Goodness is the natural expression of a man fully alive. Relative goodness, and a descent into folly out of sheer ignorance, represents the staircase downwards. The lower functions of a good man are always kept in check and put into their proper place. A strong impulse, such as an intense desire or a negative emotion, doesn’t possess the power to suddenly shift his whole attitude down a different direction. There is a rooted solidarity within his moral compass that allows permanence of character to withstand the weather of human dramas. What worth is a man who does not have, or at least strives to attain, such a being? Anyone else is simply a plaything for the whims of chance.
Sensitivity is the quality by which intelligence — not solely of the mind, but also the heart, body and senses — is made possible. Intelligence of the thinking apparatus which counts, compares, and concludes is merely one form. The intelligence of the heart is quite a higher kind. In a great number of texts, denominated as holy, ancient or contemporary, praise is given to the functions of conscience and compassion, features of an emphatic individual. It is often regarded as an attribute belonging to those who have worked long and hard on developing themselves into an ever more perfect, or balanced, being.
The staircase downwards in this regard is, of course, in buffering our mind, heart and senses. That is to say, instead of sensitivity, we find a process of hardening at work. Instead of connecting ourselves with others, or of concepts coming together in our minds in order that we be made able to see a bigger picture, we come to an ever more fragmented, narrowed, and isolated way of being. Great evils are the eventual result of a whole society degenerating down the steps of such a descending staircase. Feeling less, knowing less, sensing less, and therefore diminishing down into nothing but the fate of a hapless ego.
Beautiful is the sight of witnessing nothing become everything, the disconnected become connected, and the fragmented piece itself back together. People are all too often satisfied with themselves, with what they are and how they behave, yet without a constant yearning and striving towards becoming a better individual, gravity slides them down the staircase. There is a law that keeps everything in motion, never allowing anything to stay in simply one place. The thing must move up or it will move down. And so it is with man. If he would harbour the fine intention and pure ambition to continually strive upwards, he will be assured a far better fate than those who slide by the force of sloth alone.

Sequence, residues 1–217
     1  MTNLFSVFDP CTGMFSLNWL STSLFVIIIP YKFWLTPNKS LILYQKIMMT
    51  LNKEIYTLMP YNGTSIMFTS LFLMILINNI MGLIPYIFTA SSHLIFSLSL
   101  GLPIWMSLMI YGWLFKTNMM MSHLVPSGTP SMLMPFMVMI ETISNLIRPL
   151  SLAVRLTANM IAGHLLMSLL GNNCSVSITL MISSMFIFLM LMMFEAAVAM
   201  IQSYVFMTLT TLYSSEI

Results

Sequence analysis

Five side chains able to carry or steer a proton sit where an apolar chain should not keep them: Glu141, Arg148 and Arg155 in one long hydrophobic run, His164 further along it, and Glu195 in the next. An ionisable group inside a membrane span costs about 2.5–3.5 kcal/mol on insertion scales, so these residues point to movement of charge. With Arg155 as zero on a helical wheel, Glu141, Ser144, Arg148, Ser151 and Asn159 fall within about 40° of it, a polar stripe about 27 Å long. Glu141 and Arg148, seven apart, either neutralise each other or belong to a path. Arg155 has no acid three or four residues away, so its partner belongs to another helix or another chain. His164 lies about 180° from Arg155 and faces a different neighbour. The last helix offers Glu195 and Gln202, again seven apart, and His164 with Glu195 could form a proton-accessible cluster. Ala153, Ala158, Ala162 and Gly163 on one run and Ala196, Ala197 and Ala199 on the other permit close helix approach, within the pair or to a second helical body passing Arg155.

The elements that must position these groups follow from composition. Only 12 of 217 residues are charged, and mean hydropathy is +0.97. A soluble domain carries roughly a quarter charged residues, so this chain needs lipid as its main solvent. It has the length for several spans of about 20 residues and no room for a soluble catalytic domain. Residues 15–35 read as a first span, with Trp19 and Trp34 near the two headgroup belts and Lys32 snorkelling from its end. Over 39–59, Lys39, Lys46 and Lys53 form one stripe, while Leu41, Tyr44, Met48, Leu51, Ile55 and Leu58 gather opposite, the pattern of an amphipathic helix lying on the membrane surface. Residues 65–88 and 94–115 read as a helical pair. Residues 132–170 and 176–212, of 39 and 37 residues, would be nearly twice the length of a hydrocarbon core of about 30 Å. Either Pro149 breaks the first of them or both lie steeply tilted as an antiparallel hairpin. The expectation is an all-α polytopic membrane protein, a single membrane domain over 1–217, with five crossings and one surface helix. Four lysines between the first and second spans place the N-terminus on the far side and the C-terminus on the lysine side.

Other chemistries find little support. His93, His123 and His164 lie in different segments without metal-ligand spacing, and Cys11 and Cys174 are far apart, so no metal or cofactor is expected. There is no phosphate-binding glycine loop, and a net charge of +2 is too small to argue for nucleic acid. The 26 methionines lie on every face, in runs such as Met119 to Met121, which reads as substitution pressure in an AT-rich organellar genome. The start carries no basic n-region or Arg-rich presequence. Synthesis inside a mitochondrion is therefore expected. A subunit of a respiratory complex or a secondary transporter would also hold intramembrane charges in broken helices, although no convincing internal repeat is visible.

There are buttons, all of which can be turned on or off. Kindness is a quality of such a button. The absence of this quality leads a man down a road where every lacking instance of gratitude towards the presence of others makes him ever more callous amongst the community. This becomes his normality, the funnel through which all his thoughts and feelings are filtered. It will be his reality, like an addiction which closes off all outside perspectives. So men must be careful, less sure and satisfied of themselves, and ever watchful of what they are doing, and why. It is in this respect we may extract one of many meanings to the saying, “Enter through the narrow gate. For wide is the gate and broad is the road that leads to destruction, and many enter through it.” (Matthew 7:13)